Please note that some of these campgrounds may require reservations, and availability can be limited during peak seasons. It's always a good idea to get in touch for the most up-to-date information on fees, rules, and reservation requirements.

Camping costs on Vancouver Island can vary depending on the type of campground, location, and amenities. On average, expect to pay between CAD 15 to CAD 45 per night for a basic tent or RV site at a provincial park or private campground. Prices can be higher for campgrounds with more amenities or for glamping options. Remember that reservation fees and additional vehicle fees may apply in some campgrounds.

To camp on Vancouver Island, follow these steps:

  1. Choose your campsite: Vancouver Island offers a variety of camping options, including provincial parks, private campgrounds, and recreational sites. Research and select a campsite that suits your preferences and needs. Some popular options include Rathtrevor Beach Provincial Park, MacMillan Provincial Park, and Juan de Fuca Provincial Park.
  2. Make a reservation: If you're planning to stay at a provincial park or private campground, it's a good idea to make a reservation in advance, especially during peak season (May to September). You can book provincial park campsites through Discover Camping. For private campgrounds, visit their individual websites for reservation information.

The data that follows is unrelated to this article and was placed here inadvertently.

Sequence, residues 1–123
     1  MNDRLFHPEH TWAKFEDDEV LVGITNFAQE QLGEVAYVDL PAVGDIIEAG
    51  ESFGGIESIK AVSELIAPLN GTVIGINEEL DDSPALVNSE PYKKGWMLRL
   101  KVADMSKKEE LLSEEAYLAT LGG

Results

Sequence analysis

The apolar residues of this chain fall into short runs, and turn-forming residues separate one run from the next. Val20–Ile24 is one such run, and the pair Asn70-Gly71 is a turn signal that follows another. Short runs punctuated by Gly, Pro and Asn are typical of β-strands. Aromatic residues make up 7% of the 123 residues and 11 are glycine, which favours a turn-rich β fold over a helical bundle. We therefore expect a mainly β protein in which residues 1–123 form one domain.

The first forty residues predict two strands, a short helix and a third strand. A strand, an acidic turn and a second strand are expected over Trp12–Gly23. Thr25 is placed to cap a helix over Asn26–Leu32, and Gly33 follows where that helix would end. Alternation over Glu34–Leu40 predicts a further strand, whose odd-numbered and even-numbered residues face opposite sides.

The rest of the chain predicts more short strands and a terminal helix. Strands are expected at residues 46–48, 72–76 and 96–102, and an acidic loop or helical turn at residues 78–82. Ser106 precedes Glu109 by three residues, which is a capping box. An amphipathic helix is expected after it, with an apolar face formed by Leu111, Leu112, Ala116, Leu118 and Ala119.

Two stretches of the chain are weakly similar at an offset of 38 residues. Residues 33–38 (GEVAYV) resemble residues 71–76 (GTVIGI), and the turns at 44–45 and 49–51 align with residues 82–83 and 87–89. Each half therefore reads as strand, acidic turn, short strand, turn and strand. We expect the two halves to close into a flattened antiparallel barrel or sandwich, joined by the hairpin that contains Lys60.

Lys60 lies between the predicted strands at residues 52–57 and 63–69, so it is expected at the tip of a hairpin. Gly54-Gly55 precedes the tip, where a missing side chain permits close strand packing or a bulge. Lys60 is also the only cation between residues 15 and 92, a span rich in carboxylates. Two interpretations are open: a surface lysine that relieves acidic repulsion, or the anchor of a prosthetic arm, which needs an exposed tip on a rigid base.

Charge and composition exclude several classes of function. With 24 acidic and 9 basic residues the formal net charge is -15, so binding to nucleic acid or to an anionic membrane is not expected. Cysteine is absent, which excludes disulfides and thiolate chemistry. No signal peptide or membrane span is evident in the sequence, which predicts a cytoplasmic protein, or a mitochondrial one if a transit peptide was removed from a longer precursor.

3. Prepare your gear: Gather all the necessary camping equipment, such as a tent, sleeping bags, cooking supplies, and clothing suitable for the weather conditions. Don't forget essentials like food, water, and a first aid kit.
  4. Travel to Vancouver Island: You can reach Vancouver Island by ferry from the mainland (Vancouver or Seattle) or by plane. Once on the island, rent a car or use public transportation to reach your chosen campsite.
  5. Set up camp: Upon arriving at your campsite, set up your tent and camping area. Be sure to follow any posted rules and guidelines for the specific campground or park.
  6. Enjoy your stay: Explore the beautiful surroundings, engage in outdoor activities like hiking, fishing, or kayaking, and enjoy the tranquility of the island.
  7. Practice Leave No Trace principles: When it's time to leave, clean up your campsite and pack out all trash. Leave the area as you found it, respecting the environment and wildlife.

For more information about camping on Vancouver Island, visit Hipcamp.

While wild camping is generally not allowed in most provincial parks on Vancouver Island, there are some opportunities for backcountry camping in designated campsites with proper permits and permissions. Some popular areas for backcountry camping on Vancouver Island include Strathcona Provincial Park, Cape Scott Provincial Park, and the West Coast Trail in Pacific Rim National Park Reserve. It is essential to obtain the necessary permits, follow Leave No Trace principles, and respect the environment and wildlife.

Wild camping may be allowed on certain Crown land with permission. For more information about camping on Vancouver Island, visit the BC Parks website and the BC Recreation Sites and Trails website.